As Chennai continues to battle a water shortage, the price of water supplied by private tankers in the city has doubled since April. The crisis has affected first-time buyers far more than those who already rely on such tankers for their water supply, such as those living in high-rise apartments.
Shaji Mathews, a retired health official living in Ram Nagar in the southern part of the city, relies on private tankers to fill his 12,000 litre underground tank; piped water supply has been completely cut in his area. With two families living in his house, each tanker load is sufficient only for three weeks.
According to Mr Mathews, in April that tanker load cost only Rs 2,000. Today it costs Rs 4,500.
"This was little less than Rs 2000 in April and now nearly three times. I am a pensioner it's so difficult as half if my pension goes for water," he told NDTV.
At an apartment in Alwarpet in central Chennai, water supply is cut for 16 hours every day as part of conservation efforts.
Raja, a resident, says he spends Rs 2,500 per month for private water tankers. In total, people in his apartment complex pay a massive Rs 75,000 a month.
"We don't get water in metro taps. Our borewell has dried. In April we paid Rs 1,900 to Rs 2,100. Now it hovers between Rs 4,500 to Rs 4,800," he explains, turning on dry taps in his home to illustrate his point.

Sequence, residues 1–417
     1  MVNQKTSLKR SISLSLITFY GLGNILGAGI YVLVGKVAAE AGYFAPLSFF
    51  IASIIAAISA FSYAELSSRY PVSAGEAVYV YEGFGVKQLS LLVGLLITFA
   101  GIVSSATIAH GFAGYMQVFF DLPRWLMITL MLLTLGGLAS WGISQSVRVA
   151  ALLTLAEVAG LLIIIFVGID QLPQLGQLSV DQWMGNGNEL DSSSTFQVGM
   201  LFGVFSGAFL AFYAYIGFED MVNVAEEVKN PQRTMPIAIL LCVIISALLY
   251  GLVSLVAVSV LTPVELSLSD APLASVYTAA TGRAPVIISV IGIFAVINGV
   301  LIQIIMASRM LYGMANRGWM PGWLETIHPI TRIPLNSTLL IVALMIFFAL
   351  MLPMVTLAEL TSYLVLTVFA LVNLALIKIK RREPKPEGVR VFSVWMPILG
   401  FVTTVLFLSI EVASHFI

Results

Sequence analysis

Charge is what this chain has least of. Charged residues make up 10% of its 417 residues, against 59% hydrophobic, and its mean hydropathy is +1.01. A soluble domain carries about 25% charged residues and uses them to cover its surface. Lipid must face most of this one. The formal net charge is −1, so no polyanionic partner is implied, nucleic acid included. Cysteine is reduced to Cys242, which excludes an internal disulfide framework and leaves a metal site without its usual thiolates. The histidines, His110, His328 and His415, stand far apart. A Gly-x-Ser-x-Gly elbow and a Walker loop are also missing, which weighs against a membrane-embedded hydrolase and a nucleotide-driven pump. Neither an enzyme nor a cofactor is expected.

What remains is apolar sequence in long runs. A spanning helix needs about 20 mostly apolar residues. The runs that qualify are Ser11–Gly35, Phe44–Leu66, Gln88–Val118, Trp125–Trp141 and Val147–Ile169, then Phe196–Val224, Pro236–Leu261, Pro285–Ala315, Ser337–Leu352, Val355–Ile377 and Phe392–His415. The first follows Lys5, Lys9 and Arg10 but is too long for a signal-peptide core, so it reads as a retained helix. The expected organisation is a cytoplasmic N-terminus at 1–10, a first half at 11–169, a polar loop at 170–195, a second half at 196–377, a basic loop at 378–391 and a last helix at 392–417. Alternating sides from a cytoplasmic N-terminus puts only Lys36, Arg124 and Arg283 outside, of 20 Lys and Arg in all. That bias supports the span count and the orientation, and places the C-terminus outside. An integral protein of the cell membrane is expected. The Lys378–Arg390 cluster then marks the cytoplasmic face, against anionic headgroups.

By contrast, Chennai Metro Water charges Rs 700 for 9,000 litres, but the wait is long. It can take between three and four weeks and this leaves nearly 40 per cent of Chennai's residents at the mercy of private suppliers.
Private tankers claim they have not increased prices for communities without piped water as they are bound by the contract signed. However they charge them the extra fuel cost they incur now.
They also argue the drying up of agricultural wells and water bodies around the city means they must travel longer distances to get water and therefore are forced to raise prices for some customers. Their trips to have come down they say.
"Earlier we travelled just 30 kilometres. Now we have to travel for hundreds of kilometres to fetch water. We have to pay toll fees. The farmers who own those wells too take money as this has become a source of income when there is no agriculture," N Nijalingam, president of the state association of private tankers told NDTV.
With the city's reservoirs all drying up, the state government has been forced to cut piped water supply to the city by 40 per cent. The ruling AIADMK, which has faced criticism from opposition DMK, has also had to transport 10 million litres of water daily from the northern part of the state at a cost of Rs 65 crore.
The Madras High Court has slammed the state for not doing enough.
The state has blamed the crisis on last year's inadequate monsoon and says the government must only ensure 60 per cent supply till November, when the monsoons are expected.